Wednesday, July 2, 2008

Portrait #30: Three Incredible Chics

Yesterday I met three women who have huge hearts and are making a difference. They each believe in what they do and demonstrate the potential and influence women in this country have. Each one encouraged me in a different way.

1. Through a friend of a friend, I met a woman who works at a local church. She is from a devout Christian family and her life has always revolved around the church - she told me she grew up teaching Sunday School and that her family has always been the last to leave the church when there's a meeting. When she visited some Iraqi families a few years ago, she was hugely impacted by what she found. She met children who had nothing to do, spending their days wandering the streets aimlessly or looking at naughty websites in Internet cafes. Some were victims of abuse and many had experienced emotional trauma. So she decided to do something to help, and opened a small school for Iraqi children who are unable to register for regular school. She has found volunteers to cover English, Arabic, Math, Science, Geography and other classes. All the students are also taught about spirituality and faith. She believes that the pain in these children's lives can only be solved by spiritual means and so has made that her focus. There are now more than 200 students in the school, and several hundred families receiving other services from the church through their connection with the school.

2. I had heard about a women's non-profit that recently acquired funding to start a shelter for battered women. This is a huge problem here (as it sadly is in most of the world), but one which is extremely taboo to discuss openly. So this shelter is very innovative not only in helping women in need, but also in raising awareness and discussion about the issue. Yesterday I got to meet the woman who founded the organisation and who is the mastermind behind the shelter. She runs two businesses in order to support herself and her children, as she is divorced. She was married to a foreign man who was abusive toward her and who then divorced her in a cruel way. Now she shares openly about her experiences as a way of opening a discussion about domestic violence. Currently, she is a very busy but successful businesswoman who somehow has found time on the side to plan and develop this amazing outreach to women from her country who are in need of help. Her dreams are big, and she is making huge steps towards reaching them.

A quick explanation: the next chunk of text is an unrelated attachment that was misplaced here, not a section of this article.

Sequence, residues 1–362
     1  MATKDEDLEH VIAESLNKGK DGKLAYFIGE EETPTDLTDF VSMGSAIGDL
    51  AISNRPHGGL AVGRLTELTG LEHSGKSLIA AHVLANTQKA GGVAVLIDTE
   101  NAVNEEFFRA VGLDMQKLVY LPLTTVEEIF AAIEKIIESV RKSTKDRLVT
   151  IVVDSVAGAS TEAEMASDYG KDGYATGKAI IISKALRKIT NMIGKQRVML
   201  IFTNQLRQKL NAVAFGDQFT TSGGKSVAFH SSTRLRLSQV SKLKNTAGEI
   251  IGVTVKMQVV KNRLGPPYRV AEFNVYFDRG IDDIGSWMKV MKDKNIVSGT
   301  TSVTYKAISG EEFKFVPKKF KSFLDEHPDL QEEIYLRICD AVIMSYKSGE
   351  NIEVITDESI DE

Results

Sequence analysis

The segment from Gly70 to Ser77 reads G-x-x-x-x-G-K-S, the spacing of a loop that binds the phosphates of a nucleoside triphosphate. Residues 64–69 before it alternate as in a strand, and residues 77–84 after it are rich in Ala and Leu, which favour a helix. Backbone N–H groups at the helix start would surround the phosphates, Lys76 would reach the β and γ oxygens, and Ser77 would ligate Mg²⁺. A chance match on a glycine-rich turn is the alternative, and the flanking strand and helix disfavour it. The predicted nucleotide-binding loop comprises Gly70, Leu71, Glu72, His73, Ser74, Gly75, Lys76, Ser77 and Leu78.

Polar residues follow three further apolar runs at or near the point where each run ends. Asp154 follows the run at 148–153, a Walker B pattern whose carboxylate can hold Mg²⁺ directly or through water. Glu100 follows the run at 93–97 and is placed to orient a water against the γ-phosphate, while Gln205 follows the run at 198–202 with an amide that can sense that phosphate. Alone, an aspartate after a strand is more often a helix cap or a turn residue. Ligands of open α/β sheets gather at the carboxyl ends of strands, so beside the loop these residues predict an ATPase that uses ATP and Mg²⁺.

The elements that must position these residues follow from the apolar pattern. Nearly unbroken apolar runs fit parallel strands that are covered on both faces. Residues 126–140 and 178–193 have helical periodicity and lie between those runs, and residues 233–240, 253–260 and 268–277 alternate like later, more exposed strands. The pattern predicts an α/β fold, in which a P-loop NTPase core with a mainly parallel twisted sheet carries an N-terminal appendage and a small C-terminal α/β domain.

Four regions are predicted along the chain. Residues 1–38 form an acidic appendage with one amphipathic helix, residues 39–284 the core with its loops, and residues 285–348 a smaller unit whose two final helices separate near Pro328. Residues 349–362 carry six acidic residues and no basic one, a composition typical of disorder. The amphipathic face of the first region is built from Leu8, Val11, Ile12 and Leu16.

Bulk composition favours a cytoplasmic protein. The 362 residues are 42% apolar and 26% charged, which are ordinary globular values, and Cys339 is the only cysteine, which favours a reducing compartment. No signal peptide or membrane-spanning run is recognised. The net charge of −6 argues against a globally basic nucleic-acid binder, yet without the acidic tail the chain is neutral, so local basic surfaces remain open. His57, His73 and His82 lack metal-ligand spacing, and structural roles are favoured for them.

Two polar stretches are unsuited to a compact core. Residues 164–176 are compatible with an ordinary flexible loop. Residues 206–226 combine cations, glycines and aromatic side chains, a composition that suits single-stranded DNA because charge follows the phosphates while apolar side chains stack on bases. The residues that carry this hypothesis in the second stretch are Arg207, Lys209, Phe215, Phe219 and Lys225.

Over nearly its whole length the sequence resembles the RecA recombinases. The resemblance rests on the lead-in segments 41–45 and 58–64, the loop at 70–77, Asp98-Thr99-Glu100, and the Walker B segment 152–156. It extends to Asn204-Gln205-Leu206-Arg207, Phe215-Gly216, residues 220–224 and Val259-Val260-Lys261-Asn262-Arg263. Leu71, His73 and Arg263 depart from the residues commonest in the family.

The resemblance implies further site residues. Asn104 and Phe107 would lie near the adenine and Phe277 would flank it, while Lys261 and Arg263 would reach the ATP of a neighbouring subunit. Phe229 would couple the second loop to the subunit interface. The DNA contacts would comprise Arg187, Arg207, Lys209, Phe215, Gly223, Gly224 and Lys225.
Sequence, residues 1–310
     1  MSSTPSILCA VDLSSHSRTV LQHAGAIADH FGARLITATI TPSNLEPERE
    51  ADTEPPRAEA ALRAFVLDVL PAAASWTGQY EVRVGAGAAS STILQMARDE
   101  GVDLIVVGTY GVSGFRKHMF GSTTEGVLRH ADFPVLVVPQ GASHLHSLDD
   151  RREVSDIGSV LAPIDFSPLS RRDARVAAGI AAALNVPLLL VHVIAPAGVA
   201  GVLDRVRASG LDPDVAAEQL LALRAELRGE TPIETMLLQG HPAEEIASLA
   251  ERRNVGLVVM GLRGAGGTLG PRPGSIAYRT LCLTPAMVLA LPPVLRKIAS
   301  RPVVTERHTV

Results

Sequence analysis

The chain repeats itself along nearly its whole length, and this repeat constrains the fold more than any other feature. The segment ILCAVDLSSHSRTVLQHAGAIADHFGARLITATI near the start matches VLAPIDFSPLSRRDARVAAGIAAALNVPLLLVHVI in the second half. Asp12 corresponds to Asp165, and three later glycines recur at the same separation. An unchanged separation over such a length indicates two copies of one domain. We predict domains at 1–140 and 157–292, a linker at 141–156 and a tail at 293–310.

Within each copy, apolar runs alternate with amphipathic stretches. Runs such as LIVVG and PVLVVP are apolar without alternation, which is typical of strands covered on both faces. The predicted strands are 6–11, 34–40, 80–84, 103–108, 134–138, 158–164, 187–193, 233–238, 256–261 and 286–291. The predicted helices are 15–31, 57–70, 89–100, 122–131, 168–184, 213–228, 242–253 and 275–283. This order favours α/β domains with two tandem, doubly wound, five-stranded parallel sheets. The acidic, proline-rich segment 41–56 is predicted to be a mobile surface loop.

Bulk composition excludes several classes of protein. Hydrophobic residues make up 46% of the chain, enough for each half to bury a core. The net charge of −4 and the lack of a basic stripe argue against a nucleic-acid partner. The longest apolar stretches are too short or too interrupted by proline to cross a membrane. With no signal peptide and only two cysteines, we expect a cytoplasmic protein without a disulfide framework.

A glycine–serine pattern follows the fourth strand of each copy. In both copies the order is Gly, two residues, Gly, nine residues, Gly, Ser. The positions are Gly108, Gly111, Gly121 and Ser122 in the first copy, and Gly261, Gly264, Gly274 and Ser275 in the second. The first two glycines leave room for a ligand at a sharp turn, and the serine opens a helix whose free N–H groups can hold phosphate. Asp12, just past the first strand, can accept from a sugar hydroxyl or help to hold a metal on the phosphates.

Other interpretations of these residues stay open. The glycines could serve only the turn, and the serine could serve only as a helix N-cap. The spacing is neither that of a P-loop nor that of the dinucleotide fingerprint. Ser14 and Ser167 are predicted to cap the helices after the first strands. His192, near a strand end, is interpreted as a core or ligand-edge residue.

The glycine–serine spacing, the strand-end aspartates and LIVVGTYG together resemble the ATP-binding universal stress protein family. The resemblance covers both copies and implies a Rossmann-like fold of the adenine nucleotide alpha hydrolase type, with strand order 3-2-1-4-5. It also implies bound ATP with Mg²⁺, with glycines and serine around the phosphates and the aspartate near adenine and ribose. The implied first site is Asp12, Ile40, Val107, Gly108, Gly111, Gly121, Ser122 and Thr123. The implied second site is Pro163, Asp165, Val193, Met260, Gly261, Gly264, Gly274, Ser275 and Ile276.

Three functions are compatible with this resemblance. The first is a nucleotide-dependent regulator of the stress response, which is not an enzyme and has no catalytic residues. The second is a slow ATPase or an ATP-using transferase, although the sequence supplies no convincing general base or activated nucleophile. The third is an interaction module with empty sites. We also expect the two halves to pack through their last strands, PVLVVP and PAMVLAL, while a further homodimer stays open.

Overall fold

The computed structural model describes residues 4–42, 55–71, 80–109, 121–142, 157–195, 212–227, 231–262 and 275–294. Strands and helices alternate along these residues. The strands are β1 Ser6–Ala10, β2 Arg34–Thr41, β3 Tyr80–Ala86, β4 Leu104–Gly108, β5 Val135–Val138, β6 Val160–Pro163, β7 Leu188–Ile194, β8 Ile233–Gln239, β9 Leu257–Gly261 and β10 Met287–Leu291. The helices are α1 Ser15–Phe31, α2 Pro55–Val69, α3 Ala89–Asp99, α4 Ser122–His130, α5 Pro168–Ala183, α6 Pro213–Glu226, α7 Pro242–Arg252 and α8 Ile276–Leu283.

3. The third woman I met yesterday was someone who was recommended to me as a good professional resource on women and girls. She used to work for the government as an educational specialist but has now switched to working as a volunteer for an international organisation. She is paid well in her 'volunteer' position, but it is temporary and she was criticised by many of her family and friends for giving up the stability she had in a government job. As we talked, she told me of her own journey toward empowerment and spiritual development. She is unusual in that she is a 40-something religious Muslim who is single and lives alone, far away from her family. She didn't used to cover her head, but now she does, and has found greater freedom in her life by embracing the full visible identity of a good Muslim woman. Nonetheless, she is eager to separate her faith from any sense of conservatism. She believes that Islamic leaders have a great deal to contribute toward women's empowerment. As she chain smoked over coffee, she explained to me that women here are scared to leave their comfort zones, and that the real problem is what women do to each other. Yes, men may pressure women, like her brothers used to pressure her, but it is women who teach their sons to play that role and their daughters to serve men. She will have none of it herself, she said, and would love to find a way to break society out of that mold. To her, the most important thing that can be done is awareness-raising, showing people what life can be like, giving women opportunities to see what a life of freedom and empowerment can look like. Then they will grab it and do amazing things with it.

1 comment:

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